I think I may have worked out what’s going on here, after a long sleepless night. If I have it right, the technique does not allow you to zoom; you can only move nearer or further from the view.

I don’t need any more distractions. Maybe I’ll toy with an implementation once we do start getting our own cave scans to play with.

Monday, September 23rd, 2013 at 2:27 pm - - Cave 7 Comments »

I just spent a grey sky weekend down in Bristol investigating the cave surveying technology potential of this Hokuyo UTM-30LX-EW, that I bought with my much diminished pocket money.

I bought this one, as opposed to the slightly cheaper UTM-30LX that most robot research teams go for, because it is IP67 rated, as opposed to IP64. The IP Code says the first 6 means “Dust tight”, and second digit 7 means protected against “Immersion up to 1m” rather than 4, protected against “splashing of water”.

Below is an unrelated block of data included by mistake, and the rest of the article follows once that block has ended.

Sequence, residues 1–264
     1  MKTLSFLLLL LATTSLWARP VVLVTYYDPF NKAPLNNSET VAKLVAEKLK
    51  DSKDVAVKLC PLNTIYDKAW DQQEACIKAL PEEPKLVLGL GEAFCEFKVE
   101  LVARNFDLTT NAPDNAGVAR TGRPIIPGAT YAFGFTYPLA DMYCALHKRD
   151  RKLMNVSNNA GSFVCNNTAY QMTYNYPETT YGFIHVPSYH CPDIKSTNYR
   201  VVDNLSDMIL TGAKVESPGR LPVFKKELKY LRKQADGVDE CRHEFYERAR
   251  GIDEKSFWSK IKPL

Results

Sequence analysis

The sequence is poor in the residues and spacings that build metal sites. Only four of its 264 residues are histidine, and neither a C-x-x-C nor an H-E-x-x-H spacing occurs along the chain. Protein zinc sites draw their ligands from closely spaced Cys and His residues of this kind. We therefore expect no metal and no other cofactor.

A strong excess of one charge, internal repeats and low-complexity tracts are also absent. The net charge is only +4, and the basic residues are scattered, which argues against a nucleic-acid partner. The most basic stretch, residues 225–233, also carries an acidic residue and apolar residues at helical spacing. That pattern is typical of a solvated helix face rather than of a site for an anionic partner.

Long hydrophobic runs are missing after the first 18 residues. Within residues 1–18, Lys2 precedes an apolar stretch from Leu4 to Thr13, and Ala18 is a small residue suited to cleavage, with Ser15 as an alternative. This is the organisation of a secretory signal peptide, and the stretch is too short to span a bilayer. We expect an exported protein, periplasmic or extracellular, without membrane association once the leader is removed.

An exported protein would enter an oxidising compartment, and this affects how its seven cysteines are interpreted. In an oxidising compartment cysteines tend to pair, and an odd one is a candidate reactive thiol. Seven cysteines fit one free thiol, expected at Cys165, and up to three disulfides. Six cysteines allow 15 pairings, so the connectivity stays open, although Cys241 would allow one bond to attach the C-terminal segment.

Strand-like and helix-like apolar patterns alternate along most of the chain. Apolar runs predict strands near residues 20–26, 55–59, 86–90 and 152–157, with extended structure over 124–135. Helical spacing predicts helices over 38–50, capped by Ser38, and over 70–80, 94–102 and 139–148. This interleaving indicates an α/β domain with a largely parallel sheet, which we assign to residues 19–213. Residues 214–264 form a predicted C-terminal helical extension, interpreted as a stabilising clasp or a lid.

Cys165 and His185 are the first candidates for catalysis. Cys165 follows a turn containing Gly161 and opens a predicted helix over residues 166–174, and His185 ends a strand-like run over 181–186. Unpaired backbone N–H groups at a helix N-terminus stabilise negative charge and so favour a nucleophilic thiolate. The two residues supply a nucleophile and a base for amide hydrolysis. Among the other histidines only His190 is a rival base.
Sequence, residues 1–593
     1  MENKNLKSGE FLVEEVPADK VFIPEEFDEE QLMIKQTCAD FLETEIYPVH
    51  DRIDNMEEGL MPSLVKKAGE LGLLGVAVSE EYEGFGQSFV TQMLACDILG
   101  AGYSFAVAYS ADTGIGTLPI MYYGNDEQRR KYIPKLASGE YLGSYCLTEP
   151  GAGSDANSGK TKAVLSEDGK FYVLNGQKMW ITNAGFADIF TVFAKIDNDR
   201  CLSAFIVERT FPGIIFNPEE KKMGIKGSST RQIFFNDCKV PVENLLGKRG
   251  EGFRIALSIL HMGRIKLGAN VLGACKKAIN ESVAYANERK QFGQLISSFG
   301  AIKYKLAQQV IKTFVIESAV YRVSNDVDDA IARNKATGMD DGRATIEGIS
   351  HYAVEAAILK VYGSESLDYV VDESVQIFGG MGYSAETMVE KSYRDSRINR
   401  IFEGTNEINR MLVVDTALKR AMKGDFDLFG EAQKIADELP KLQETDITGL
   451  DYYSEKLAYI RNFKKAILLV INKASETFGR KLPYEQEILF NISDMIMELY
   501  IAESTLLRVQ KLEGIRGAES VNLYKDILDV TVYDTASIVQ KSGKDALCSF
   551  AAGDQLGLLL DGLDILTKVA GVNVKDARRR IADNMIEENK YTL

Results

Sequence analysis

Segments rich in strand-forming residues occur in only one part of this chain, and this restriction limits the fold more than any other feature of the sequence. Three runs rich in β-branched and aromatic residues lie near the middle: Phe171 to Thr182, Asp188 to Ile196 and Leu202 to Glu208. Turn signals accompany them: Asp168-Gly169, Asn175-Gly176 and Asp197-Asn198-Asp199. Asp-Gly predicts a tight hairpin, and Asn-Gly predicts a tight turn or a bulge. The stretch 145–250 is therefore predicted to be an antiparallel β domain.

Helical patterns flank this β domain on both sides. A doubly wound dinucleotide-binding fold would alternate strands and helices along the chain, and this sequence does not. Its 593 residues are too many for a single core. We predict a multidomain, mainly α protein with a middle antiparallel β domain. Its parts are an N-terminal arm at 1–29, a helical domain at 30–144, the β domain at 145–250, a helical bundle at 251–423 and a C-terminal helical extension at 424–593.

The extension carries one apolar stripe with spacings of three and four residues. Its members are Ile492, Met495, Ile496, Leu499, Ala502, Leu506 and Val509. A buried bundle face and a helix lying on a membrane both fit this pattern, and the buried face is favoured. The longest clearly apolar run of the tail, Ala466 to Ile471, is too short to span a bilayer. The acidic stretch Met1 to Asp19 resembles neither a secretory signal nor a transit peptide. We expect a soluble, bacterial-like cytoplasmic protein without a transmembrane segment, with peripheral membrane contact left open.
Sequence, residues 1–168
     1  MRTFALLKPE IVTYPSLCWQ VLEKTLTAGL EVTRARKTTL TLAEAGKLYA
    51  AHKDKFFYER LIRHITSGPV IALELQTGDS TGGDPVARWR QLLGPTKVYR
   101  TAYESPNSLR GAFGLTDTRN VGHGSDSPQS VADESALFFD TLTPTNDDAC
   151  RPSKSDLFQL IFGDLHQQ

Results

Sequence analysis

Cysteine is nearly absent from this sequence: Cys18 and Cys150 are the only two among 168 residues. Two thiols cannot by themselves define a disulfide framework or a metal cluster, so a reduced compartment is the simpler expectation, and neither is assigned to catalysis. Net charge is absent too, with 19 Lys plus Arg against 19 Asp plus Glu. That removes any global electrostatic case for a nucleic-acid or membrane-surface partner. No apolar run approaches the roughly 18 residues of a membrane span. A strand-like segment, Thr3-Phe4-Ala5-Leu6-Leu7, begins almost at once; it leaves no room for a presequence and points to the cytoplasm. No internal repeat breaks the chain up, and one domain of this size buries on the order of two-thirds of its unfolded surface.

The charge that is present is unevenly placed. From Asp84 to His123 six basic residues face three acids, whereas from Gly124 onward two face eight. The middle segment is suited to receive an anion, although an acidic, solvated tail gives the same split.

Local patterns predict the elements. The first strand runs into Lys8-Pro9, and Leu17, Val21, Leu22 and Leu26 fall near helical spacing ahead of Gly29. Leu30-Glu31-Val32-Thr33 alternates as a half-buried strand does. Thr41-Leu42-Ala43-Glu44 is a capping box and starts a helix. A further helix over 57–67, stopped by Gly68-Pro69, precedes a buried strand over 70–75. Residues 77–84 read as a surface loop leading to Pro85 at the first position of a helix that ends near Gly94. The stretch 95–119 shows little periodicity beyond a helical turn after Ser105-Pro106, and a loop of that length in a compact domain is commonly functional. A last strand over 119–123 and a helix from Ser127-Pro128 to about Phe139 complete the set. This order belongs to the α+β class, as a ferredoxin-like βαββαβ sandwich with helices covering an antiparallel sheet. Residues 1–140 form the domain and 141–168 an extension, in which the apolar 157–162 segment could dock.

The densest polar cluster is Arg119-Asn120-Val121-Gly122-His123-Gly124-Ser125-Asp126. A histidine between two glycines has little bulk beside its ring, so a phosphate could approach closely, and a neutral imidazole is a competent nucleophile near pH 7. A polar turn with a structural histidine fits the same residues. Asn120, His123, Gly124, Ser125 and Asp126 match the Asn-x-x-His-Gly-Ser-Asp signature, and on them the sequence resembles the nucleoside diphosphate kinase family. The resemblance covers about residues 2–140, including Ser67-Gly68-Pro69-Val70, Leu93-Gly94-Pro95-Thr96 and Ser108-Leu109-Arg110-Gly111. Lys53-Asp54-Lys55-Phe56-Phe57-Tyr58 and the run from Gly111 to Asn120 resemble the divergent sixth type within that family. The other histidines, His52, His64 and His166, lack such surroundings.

I know what caves are like.


Sunday, August 11th, 2013 at 8:09 am - - Canyon, Cave, Hang-glide

Expo is small this year. Everyone is up the hill, except for me and Becka, and Becka isn’t with me at base camp because she has disappeared to a different caving expedition run by Austrians for the week. The weather has reverted to type, with several days of rain.

I’ve been working and programming for a change and my eyes are sore. A recap of some things.

In the last week of July when it was perfect flying weather I was at the 16th International Congress of Speleology in Brno.

It happens every four years and was a little too proto-scientific for me. I followed up every talk that had to do with data loggers and temperature sensors, and the general message is that nobody really knows what to do with the data. In particular, the Hoffman institute who collects lots of lovely data, and then stuffs it all into an excel spreadsheet with no idea what to do with it later.

In spite of the attendance by all the major contributors to the field, there was no scheduled workshop on cave surveying software. (Software is not real science, see?) So we had to invent one in a cafe at short notice.